Afrikaners have lost privileges, not rights

Harold F. Schiffman haroldfs at
Tue May 15 14:25:55 UTC 2007

Afrikaners have lost privileges, not rights

One of the major debates in the US centres on the extent to which the
neoconservatives have managed to capture Washington, the White House in
particular. The three basic components of the neocon movement are:
ultra-conservative economic policies, advocacy for drastic reductions in
welfare provisions and huge tax benefits for the rich, and most
importantly, the US' domination of the world, under the guise of
protecting national interests. It is the methods used by neoconservatives
that ignite some interest and possible parallels with some developments
here at home.

One of this is the reinvigoration of the neonationalist sentiments of
certain sections of our society. This can be seen in debates about name
changes, affirmative action and language policy. The primary method used
by neoconservatives in the US is to fan fears of unending attacks by those
who "are opposed to the great civilisation that the US has achieved".
Threats are seen even where they do not exist. First it was Iraq and its
weapons of mass destruction. Now it is Iran and the threat it poses with
its arsenal of nuclear weapons.

In the same manner, we see the rallying of some sections of the Afrikaner
community against "threats" they are facing. First, the Afrikaner
community is made to believe that its language, heritage and culture are
under attack. But, is this true? An honest reading of the trajectory of
post-1994 politics suggests otherwise. Indeed, 1994 heralded a loss of
privilege for the Afrikaner community, and the white populace in general;
privileges that were enjoyed at the expense of the entire black community.
What the political changes of 1994 did was to remove privilege and bestow
rights on all citizens. In a democratic society the advancement or
acceleration of redress for those who were previously oppressed will often
tend to upset those who enjoyed exclusive privileges.

But does this mean that the rights of the Afrikaner community are being
eroded, or are under attack? The second rallying cry of the
neo-nationalist brand of Afrikanerdom seems to be around the claim that
the rights of minorities are threatened. Once again, is this true? Various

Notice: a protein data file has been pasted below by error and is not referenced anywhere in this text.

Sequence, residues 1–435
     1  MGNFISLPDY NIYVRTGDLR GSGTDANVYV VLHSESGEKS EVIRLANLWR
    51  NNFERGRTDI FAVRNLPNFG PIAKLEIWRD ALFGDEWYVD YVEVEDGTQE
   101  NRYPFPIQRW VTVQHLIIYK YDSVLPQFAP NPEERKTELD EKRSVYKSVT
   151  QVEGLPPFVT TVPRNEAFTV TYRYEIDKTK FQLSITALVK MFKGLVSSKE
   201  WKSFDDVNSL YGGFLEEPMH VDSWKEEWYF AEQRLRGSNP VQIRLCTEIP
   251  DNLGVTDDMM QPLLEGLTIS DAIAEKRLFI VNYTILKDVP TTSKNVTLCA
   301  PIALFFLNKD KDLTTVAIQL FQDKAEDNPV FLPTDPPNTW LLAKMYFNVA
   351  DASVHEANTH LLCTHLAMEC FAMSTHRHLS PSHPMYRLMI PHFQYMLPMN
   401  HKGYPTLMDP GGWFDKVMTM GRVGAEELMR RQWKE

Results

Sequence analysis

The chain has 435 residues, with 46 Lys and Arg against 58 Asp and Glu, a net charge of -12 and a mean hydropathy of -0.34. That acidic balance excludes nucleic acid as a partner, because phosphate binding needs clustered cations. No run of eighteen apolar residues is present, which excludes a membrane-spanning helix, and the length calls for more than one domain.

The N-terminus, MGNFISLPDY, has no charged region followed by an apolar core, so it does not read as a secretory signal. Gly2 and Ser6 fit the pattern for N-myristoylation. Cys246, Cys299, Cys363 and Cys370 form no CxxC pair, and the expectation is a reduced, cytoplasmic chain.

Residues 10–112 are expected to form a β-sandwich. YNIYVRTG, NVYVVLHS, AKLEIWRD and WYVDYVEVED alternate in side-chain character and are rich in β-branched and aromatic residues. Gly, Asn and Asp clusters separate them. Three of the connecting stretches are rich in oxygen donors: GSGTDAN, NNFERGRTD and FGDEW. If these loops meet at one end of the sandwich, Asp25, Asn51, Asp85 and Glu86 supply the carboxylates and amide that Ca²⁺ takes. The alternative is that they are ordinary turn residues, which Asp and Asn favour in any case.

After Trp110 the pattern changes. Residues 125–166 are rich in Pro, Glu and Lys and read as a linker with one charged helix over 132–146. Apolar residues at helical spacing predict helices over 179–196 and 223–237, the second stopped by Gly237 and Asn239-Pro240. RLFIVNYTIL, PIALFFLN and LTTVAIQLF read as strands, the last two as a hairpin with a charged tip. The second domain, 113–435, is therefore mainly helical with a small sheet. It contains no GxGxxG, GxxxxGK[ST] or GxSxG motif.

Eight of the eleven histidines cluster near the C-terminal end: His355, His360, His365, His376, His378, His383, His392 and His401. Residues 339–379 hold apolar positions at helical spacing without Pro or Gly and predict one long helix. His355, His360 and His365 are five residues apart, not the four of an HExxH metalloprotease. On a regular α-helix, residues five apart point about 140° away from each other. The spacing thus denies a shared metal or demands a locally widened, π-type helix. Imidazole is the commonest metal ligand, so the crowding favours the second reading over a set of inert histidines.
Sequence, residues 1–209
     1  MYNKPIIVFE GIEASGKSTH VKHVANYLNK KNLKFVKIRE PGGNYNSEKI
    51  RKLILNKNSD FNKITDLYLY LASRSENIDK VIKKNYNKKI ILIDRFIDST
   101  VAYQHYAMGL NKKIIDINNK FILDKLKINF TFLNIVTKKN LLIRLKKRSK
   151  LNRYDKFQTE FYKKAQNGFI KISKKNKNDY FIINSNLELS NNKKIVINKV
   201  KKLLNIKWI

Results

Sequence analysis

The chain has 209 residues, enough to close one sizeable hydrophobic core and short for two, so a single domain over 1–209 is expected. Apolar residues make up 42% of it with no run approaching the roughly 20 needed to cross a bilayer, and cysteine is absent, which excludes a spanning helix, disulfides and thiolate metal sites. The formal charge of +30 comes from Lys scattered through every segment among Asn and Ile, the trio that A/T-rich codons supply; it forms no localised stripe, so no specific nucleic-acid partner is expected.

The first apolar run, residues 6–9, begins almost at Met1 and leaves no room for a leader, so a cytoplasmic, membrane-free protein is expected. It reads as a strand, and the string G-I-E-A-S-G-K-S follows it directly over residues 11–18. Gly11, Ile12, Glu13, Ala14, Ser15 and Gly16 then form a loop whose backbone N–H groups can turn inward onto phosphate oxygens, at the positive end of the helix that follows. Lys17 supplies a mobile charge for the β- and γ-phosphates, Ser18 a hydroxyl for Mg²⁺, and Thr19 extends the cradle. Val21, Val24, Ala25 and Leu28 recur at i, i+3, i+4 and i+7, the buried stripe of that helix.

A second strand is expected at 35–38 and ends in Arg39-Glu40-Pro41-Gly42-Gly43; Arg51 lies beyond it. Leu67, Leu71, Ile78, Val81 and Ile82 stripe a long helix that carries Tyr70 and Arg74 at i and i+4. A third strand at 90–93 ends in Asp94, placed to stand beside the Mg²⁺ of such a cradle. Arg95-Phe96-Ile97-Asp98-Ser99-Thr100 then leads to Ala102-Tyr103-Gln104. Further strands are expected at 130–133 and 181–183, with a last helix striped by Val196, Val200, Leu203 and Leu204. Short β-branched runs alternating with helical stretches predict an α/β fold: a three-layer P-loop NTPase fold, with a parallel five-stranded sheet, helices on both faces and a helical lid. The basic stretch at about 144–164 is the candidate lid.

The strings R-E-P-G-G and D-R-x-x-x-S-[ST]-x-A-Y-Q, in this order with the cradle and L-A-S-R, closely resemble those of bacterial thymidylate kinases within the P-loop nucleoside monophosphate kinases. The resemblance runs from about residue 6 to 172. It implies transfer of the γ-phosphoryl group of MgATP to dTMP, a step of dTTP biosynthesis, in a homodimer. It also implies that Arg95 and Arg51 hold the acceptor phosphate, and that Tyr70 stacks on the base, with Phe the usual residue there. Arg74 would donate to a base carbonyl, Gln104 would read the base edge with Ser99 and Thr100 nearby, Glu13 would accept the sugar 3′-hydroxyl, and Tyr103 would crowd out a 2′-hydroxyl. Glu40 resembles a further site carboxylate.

conventions of the UN make provision for the protection of minority
rights. So, minority rights are protected under international law. The
common thread that defines minorities is that such groups of people -
whether based on race, ethnicity, religion or language - must be under
some form of visible and imminent threat, or they must be suffering from

The notion of protection of minority rights arose largely after the
Holocaust, and in order that similar atrocities may not befall other
peoples. It is for this reason that those responsible for the genocide in
Rwanda and the former Yugoslavia were partly charged for violating
international law. Examples of the marginalisation of minorities would be
the case of the Khoisan in Botswana, the Maori in New Zealand and
neighbouring countries, the indigenous peoples of the US and Canada, and
the Dalits in India. The notion of minority rights is based on the
argument that both the individual and collective rights of a group must
not be violated. Surely and as already stated, the rights of the Afrikaner
section of our society are not under any visible attack, nor are they
under any potential violation.

Instead, and to the great disapproval of those who advocate a unitary
state, the Afrikaner community has been given the space to conceptualise
its idea of a volkstaat, Orania, where a tiny section of the community has
chosen to stay. If this is not self-isolation, then nothing qualifies for
that status! The fact is that the rights of individual Afrikaners, and
their collective rights, are not under any attack or threatened. What
ceased to be bestowed on any group were privileges. As some analysts would
argue, post-1994 South Africa is characterised largely by class
disparities more than racial discrimination. Needless to say that it is
black people who remain the majority of the lower classes - the working

The third claim is that the Afrikaans language is under threat. Recent
examples of Horskool Ermelo and various formerly Afrikaans-medium
universities are often cited to demonstrate that "die taal" is under
attack. A closer examination of these and many examples of language
dynamics suggests instead that it is economics and sheer demographic
changes rather than politics that are determining the language policy
within institutions of learning. For instance, with a majority of black
students the University of Pretoria found itself having no choice but to
adopt a dual-medium system. Otherwise, the university's student numbers
would not increase and it would struggle financially.

The University of Stellenbosch is being forced to adopt the same approach.
The situation is even more pronounced with schools. They either have to
adapt or opt to become independent. The latter is hugely expensive.
Instead of rallying the Afrikaner community around causes that are not
based on facts but fallacies the leadership of the Afrikaner community
would do well to assist "die volk" that it is not rights they have lost,
but privileges. And that these rights are mediated by economic

Failure to do so can only mean clinging to notions of illusionary attack,
just like the neoconservatives have so far managed to do with the White
House. To the collective detriment of the American people.


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